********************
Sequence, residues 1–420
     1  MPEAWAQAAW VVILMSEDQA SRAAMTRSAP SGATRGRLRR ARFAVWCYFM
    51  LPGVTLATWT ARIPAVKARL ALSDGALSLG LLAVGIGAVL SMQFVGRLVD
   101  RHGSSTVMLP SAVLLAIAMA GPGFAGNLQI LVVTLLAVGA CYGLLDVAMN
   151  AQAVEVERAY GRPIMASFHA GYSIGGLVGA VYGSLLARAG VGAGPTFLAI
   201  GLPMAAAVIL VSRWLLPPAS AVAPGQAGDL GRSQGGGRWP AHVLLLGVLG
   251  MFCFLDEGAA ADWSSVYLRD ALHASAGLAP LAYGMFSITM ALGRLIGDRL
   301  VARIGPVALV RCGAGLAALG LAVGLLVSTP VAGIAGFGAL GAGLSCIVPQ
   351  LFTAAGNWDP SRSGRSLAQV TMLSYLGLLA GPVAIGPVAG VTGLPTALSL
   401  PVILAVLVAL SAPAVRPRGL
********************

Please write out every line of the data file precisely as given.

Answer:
Sequence, residues 1–420
     1  MPEAWAQAAW VVILMSEDQA SRAAMTRSAP SGATRGRLRR ARFAVWCYFM
    51  LPGVTLATWT ARIPAVKARL ALSDGALSLG LLAVGIGAVL SMQFVGRLVD
   101  RHGSSTVMLP SAVLLAIAMA GPGFAGNLQI LVVTLLAVGA CYGLLDVAMN
   151  AQAVEVERAY GRPIMASFHA GYSIGGLVGA VYGSLLARAG VGAGPTFLAI
   201  GLPMAAAVIL VSRWLLPPAS AVAPGQAGDL GRSQGGGRWP AHVLLLGVLG
   251  MFCFLDEGAA ADWSSVYLRD ALHASAGLAP LAYGMFSITM ALGRLIGDRL
   301  VARIGPVALV RCGAGLAALG LAVGLLVSTP VAGIAGFGAL GAGLSCIVPQ
   351  LFTAAGNWDP SRSGRSLAQV TMLSYLGLLA GPVAIGPVAG VTGLPTALSL
   401  PVILAVLVAL SAPAVRPRGL